But Melville would also fill his own book with earthy asides and euphemisms; jokes about chowder and bar-room quips with which Ishmael wryly undermines his creators high-flown words, declaring a one point that he regards the whole dangerous voyage of the Pequod – and life itself – as a 'vast practical joke'.
Something fused into one headlong effort, as great as his quarry, as great as the industry it commemorated. With sprawling ambition and an utter lack of convention, Melville crossed latitudes of time and space, blurring them as he did so, constantly reiterating, 'All this is not without its meaning', laying meaning upon meaning, drawing himself on, writing and rewriting obsessively, creating a kind of exclusion zone to which his own wife could only gain admittance by knocking incessantly on his door until he deigned to answer. He created the conditions on board ship inside his study and in his mind, and in the process Moby-Dick changed from a romance to a fearful, fated work. Parts of the book seem to be written automatically, as if possessed by the spirit of the White Whale, the Shaker God incarnate.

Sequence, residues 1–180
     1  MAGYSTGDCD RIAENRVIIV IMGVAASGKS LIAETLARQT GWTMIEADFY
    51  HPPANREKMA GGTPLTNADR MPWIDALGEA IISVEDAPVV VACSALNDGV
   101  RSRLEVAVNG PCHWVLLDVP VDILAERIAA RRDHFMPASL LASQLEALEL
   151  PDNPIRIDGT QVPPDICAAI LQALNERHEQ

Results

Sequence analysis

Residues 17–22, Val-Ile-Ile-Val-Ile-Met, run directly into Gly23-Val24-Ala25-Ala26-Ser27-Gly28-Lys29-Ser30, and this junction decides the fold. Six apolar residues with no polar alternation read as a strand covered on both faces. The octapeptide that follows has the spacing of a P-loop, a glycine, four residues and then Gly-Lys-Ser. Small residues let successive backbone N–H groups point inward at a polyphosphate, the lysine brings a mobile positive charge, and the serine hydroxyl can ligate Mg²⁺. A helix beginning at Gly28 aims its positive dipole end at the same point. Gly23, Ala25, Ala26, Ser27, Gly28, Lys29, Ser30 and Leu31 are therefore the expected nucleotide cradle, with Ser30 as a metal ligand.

Melville almost dared not to write his book, even as he advised a female friend not to read it. 'Don't you buy it – don't you read it, when it comes out,' he warned her, 'It is not a piece of fine Spitalfields silk – but it is of the horrible texture of a fabric that should be woven of ships' cables and hausers. A Polar wind blows through it, & birds of prey hover over it.' With Mary Shelley's man-made monster at the back of his head, he conjured images of Ahab's ship ploughing through stormy seas as 'the ivory-tusked Pequod sharply bowed to the blast, and gored the dark waves in her madness'. Only half-jokingly, he spoke of his work as though it were some transgression of natural law which ought not to have appeared at all. What began as an exercise in propaganda for the American whaling industry ended up as a warning to all mankind of its own evil.
Ah the world, oh the whale.